Evidence of Recent Change
Some regions that usually receive snow are receiving less snowfall and do not have as much snow on the ground. Glaciers in the United States and around the world have generally shrunk, and the rate at which they are melting appears to have accelerated over the last decade. Additionally, the amount of ice in the Arctic Ocean has decreased, and many lakes are freezing later in the fall and melting earlier in the spring. Although the natural variability of this complex system is large, the direction of change is clear and the rate of change has taken scientists by surprise. Environmental Protection Agency
After completing this Lab, you should be able to:
- describe evidence of recent changes observed in glacial ice;
- measure changes in glacial area and extent using ImageJ;
- describe recent trends in sea ice extent and volume;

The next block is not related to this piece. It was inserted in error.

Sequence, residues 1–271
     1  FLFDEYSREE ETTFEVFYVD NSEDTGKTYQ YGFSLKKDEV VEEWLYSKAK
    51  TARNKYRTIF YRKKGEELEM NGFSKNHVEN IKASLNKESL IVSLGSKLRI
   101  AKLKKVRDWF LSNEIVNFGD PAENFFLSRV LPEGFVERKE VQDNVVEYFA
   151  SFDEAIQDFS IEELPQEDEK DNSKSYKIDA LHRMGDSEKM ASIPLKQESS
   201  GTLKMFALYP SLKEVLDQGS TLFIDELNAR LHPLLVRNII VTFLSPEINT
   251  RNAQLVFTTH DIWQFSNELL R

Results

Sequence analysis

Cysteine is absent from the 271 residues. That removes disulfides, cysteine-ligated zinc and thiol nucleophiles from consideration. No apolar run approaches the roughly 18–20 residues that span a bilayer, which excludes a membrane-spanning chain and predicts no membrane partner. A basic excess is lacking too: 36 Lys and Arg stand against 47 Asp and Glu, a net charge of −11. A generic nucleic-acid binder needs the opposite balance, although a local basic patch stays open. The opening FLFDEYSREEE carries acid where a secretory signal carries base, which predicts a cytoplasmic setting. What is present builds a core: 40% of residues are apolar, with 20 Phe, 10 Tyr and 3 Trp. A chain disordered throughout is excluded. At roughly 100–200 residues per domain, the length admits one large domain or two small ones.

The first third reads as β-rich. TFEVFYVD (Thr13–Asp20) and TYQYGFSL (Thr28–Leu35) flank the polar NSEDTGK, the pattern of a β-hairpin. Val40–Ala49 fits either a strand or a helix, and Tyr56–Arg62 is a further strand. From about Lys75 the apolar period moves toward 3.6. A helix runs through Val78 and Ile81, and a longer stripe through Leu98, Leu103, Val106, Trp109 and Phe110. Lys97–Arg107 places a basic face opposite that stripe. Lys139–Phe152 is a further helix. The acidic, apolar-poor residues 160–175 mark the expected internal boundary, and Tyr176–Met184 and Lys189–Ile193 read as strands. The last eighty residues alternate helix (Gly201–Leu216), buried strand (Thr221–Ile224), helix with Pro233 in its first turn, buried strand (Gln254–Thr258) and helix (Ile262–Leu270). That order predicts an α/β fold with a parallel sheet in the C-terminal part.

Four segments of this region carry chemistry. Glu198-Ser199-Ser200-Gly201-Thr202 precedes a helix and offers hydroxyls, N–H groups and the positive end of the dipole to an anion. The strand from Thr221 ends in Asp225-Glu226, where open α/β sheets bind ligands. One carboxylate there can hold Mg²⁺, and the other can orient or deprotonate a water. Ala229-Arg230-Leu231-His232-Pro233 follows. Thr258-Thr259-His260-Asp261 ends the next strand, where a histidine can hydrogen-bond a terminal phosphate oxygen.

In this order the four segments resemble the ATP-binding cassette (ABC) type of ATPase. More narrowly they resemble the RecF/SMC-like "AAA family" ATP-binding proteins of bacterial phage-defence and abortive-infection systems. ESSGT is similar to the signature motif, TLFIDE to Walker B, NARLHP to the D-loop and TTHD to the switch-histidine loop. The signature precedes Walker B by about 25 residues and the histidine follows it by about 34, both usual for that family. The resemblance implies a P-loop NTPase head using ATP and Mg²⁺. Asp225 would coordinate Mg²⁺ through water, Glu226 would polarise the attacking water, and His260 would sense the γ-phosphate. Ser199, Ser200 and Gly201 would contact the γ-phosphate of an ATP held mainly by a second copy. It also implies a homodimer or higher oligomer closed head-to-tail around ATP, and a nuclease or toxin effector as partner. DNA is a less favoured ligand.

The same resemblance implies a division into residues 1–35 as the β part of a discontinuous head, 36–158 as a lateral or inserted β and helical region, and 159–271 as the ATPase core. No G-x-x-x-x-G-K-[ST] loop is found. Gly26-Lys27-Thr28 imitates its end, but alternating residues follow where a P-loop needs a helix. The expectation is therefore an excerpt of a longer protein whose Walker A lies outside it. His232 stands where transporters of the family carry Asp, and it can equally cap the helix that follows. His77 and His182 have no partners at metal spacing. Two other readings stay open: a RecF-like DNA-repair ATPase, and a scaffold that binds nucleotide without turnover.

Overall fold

- explain how the ice-albedo feedback loop works; and
- explain the difference between reinforcing and balancing feedback mechanisms.
Keeping track of What You LearnIn these pages, you'll find three kinds of questions.
- Checking In questions are intended to keep you focused on key concepts. They allow you to check if the material is making sense. These questions are often accompanied by hints or answers to let you know if you are on the right track.
- Stop and Think questions are intended to help your teacher assess your understanding of the key concepts and skills. These questions require you to pull some concepts together or apply your knowledge in a new situation.
- Discuss questions are intended to get you talking with your neighbor. These questions require you to pull some concepts together or apply your knowledge in a new situation.